When Alia stumped Papa Bhatt
Alia Bhatt is such a surprise package that she managed to zap even her father. When he saw the exquisitely picturised Ghar more pardesiya from her new film Kalank, Mahesh Bhatt sat up and asked, “Where did that come from?”
While one has got used to Alia moving swiftly from innocent girl molested at home in Imitiaz Ali’s Highway to spy with spunk and a conscience in Meghna Gulzar’s Raazi, watching her do a Kathak number with the trademark chakkars or spins, which is a speciality of the dance form, was a revelation. “She was just another Juhu girl who became an actress,” commented her dad. “She hadn’t learnt all this traditional dancing.”
So where did that come from? It came from many months of learning and 20 days of intense rehearsals.
“She’s a very driven girl,” remarked Mahesh. She won’t give up until she has learnt what she has to do before the camera.
Incidentally, the pre-Partition drama, Kalank, was given a U/A certificate by the censor board without a single cut or debate. Which must have surprised producer Karan Johar and his company, given the bloody and very communally charged times before Partition.
Mahesh himself has had run-ins galore with the board. A filmmaker like Shakti Samanta, who once headed the CBFC, had told him to reshoot and change the sexuality of the hijra (transvestite), one of the main characters of Sadak (1991).
Mahesh had stuck to his guns.
During Zakhm, the last film he directed in 1998 before opting for premature retirement, the minister of state in the I&B ministry had advised him to change the orange colour to black in the climactic protest scene, in an era when computer graphics were not within easy reach of a filmmaker.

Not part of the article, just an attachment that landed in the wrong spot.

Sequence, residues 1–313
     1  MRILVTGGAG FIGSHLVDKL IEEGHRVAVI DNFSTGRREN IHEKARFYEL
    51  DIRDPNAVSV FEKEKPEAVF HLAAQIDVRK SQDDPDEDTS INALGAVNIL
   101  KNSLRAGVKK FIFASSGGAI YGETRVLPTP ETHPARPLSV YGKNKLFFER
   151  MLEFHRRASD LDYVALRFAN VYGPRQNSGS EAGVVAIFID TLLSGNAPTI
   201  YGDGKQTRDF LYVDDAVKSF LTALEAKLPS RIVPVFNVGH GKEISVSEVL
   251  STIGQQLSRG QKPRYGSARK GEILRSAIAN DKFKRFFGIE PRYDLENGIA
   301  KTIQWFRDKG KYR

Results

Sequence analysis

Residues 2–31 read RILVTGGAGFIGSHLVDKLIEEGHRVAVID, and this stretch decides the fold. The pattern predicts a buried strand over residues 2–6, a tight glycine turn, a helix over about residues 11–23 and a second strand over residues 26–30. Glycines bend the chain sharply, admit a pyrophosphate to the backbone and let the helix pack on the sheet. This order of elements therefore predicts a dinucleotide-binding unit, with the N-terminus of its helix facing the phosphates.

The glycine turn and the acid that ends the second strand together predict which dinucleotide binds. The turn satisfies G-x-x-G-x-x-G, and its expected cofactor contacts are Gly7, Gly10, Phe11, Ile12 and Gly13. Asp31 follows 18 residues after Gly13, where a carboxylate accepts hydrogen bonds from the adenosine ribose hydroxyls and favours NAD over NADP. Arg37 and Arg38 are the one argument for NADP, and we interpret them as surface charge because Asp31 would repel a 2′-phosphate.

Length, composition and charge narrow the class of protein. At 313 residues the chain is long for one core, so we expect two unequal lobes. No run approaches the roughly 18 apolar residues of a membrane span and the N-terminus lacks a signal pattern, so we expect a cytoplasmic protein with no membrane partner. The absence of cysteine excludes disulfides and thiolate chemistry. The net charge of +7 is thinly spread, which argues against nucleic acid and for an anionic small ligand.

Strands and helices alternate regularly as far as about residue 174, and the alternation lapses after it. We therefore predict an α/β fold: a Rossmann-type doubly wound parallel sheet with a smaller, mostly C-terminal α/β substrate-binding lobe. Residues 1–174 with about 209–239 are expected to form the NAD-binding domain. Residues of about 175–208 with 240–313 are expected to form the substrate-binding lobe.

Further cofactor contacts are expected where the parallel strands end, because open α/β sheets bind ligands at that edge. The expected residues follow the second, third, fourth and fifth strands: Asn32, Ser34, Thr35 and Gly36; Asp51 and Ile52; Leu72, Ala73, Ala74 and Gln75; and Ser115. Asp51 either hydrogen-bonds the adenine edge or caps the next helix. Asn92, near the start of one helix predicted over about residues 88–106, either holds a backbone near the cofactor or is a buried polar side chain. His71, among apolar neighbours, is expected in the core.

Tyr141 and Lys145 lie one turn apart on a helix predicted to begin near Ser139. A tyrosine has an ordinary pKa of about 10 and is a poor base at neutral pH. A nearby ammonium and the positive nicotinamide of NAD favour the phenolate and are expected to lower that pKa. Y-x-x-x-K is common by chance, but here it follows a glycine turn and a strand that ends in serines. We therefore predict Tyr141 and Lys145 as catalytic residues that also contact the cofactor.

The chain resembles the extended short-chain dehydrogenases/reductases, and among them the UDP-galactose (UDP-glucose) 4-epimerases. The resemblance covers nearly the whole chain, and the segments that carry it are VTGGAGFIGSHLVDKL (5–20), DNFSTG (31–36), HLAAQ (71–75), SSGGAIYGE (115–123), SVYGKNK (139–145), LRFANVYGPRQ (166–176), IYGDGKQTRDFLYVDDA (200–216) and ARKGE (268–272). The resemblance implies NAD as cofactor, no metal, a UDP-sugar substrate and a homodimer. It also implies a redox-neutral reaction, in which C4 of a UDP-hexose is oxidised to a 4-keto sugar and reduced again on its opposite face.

“Whatever little money we had, we spent it on changing the colour to release the film,” recalled Mahesh. And when the same government gave Zakhm a National Award, he typically refused to go to Delhi to receive it. “Pooja went, I didn’t,” he said.
One would think it was the temptation of directing Alia for the first time together with older daughter, Pooja, that brought Mahesh out of retirement two decades after Zakhm.
“It was Sanjay Dutt,” he disclosed. The two have a very special relationship. When Mahesh narrated a story to him, Sanju was so charged about the emotionally stirring content that he sprang up and wondered, “But who will direct it?” Mahesh had shrugged that he’d get somebody to do the job. “I’ll be around to oversee it,” he told Sanju, not entirely convinced that anybody else would be able to touch that raw nerve which is a Mahesh Bhatt speciality.
“People today don’t know how to get emotions out of a story,” he lamented. Mahesh’s decision to direct Sadak 2 and step back into the space he had voluntarily vacated in 1998 was thus because of Sanjay Dutt.
“Now that Sanju has become a father on screen (in Kalank too he is the father of a grown-up, married son), it will be interesting to watch him. His two years in prison haven’t been juiced out of him so far,” mulled Mahesh, who’s all set to start filming the sequel to Sadak with Sanju, Pooja, Alia and Gulshan Grover.
Apart from being armed with a potent script, Mahesh is also looking fit at 71. He actually goes to the gym and does pilates. It was wife Soni who told him, “You’re such an independent man but as you grow older, the body becomes dependent on others. Do something about it.” So he who had never exercised or lifted a dumbbell in his life, stepped into the gym. “And I love it.”
In his cabin is an old B&W photograph. A working still from a film with Amjad Khan’s father Jayant, Mahesh’s mother Shireen, and his father Nanabhai, who was a sound engineer in 1938 when movies moved from silent to talkie.
The stories around Mahesh Bhatt have always been fascinating.
Bharathi S. Pradhan is a senior journalist and author